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Arts projects put health and wellbeing on centre stage

  • Date: 10 December 2013
  • Area: South West
Artist Deirdre Nelson looking at a napkin with one of the Saffron Gardens residents

Artist Deirdre Nelson looking at a napkin with one of the Saffron Gardens residents. Credit: Jim Wileman

Arts Council England funded projects are celebrating recognition for the good work they do to improve the health and wellbeing in our local communities in the South West.

Arts Council England National portfolio organisation Creativity Works has won three awards this autumn for outstanding work with people with mental health issues.

In December, the Somerset-based organisation received an award from Breakthrough National Positive Practice in Mental Health Awards for its work with women in the criminal justice system in its Networks project. Participants came from Teign Ward (a medium secure unit), HMP Eastwood Park (mother and baby unit), One25 (women trapped in sex work), Rethink (women affected by mental health), and Bristol Drugs project.

Karl Bevis, Director of Creativity Works says, 'We are delighted to see the work recognised on this important national platform and we commend the work of so many important partner organisations. Creativity Works would like to thank everyone who has been involved in all of their projects. It is a pleasure to be part of, and lobby for, the role that the arts, creativity and the imagination play in health.'

Meanwhile, participatory project Napkin Project, produced by Willis Newson and funded by Arts Council England National Lottery-funded Grants for the arts, came to a moving end in December. A total of 120 beautifully embroidered napkins created by volunteers were gifted to the Saffron Gardens dementia care home residents at a special tea party.

One volunteer embroiderer said: 'We have lost one family member to dementia and have another who is also suffering so we know how little things can help. I haven't embroidered for many years and my daughters have yet to learn so it will be a lovely process for all of us.'

Nationally, Parliament is putting the spotlight on the links between art and health with an event on 11 December that examines how government policy can improve wellbeing, organised by the All Party Parliament Group on Wellbeing.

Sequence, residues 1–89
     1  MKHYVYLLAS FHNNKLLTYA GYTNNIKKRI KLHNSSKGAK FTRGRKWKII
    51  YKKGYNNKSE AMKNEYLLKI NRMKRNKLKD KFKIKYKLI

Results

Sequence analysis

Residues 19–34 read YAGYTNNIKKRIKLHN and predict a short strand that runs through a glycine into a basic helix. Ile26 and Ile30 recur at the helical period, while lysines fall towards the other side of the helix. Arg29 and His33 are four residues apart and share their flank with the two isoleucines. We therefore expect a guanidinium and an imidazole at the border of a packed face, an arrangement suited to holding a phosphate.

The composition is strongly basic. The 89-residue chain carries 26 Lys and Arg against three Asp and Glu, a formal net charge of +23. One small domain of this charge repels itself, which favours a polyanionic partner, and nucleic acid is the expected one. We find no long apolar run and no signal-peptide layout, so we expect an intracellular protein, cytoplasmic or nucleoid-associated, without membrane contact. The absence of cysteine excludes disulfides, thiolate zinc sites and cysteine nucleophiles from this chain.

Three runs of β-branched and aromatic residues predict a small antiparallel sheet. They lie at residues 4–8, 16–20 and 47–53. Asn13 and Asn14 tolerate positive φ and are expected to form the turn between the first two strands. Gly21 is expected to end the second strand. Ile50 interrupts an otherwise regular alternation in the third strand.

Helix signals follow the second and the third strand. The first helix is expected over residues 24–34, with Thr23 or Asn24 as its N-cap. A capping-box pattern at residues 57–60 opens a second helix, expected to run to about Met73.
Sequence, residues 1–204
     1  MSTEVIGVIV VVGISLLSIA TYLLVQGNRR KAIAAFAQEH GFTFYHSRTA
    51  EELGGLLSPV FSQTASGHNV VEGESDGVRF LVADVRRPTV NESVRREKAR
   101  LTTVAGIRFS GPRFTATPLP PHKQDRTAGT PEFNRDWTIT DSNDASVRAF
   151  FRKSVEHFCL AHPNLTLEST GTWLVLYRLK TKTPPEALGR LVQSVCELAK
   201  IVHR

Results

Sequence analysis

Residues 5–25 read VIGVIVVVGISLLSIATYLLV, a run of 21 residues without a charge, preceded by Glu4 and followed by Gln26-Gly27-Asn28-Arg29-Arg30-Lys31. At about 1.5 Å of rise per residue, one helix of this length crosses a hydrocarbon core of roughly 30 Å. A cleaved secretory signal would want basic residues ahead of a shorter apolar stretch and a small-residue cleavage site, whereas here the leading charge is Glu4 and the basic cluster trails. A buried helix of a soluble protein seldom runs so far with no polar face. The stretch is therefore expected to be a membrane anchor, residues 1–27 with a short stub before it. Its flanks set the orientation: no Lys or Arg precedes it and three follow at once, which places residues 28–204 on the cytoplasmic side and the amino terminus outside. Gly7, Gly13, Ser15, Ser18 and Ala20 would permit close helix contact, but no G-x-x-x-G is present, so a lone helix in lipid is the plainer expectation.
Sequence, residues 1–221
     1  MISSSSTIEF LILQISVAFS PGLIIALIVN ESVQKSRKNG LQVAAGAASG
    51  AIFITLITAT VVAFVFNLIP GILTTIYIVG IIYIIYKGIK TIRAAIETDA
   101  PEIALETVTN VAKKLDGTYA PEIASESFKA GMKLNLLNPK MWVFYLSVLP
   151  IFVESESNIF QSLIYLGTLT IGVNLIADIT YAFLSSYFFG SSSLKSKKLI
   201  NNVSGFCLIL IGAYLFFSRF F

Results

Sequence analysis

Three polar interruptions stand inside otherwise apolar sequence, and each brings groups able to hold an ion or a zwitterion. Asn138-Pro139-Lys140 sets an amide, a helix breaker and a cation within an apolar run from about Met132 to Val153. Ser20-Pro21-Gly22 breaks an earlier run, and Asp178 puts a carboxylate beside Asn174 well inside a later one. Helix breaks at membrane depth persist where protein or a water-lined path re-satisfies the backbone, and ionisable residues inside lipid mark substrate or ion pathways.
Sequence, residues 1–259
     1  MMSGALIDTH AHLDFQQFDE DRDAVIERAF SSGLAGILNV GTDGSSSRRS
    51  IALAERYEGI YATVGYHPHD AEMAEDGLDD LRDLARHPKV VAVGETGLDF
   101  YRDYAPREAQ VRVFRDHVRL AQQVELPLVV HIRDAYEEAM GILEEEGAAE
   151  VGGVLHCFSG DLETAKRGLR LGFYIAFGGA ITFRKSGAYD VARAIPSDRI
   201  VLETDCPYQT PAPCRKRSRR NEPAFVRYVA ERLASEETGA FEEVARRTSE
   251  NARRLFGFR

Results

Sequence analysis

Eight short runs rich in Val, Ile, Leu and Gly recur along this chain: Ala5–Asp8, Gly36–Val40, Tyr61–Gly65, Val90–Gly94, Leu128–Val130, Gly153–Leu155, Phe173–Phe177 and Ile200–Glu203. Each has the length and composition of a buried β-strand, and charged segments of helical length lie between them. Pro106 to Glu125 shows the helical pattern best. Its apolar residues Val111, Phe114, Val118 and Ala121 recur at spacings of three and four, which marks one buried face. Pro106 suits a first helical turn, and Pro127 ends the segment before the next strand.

The success of the South West's work around arts, health and wellbeing also feeds in to the Arts Council England's holistic case for arts and culture, which looks at how arts and culture are intrinsically linked to the social, cultural, and economic wellbeing of the country.

Arts Council England National portfolio organisation Arts & Health South West continues to deliver its powerful work to encourage the development of the arts and health sector across the South West.

In June, the organisation's Culture Health and Wellbeing International conference explored issues such as healthy and creative ageing and global health inequalities over three days in Bristol.

Also working across the South West, dance agency Pavilion Dance South West carries out vital work with older people and dance, health and wellbeing as part of its role as an Arts Council England National portfolio organisation.

The agency's ground-breaking work with people with cancer, Parkinsons and dementia is one of many ways the organisation advocates for and embeds dance in society's health and wellbeing provision.

In Spring 2014, Dennis Ross, a participant of Pavilion Dance South West's Parkinson's Dance Class, will be raising money for the class provision by going on a sponsored bike tour in South Africa.

Read more about Arts Council England's holistic case for arts and culture artscouncil.org.uk/what-we-do/advocacy/holistic-case/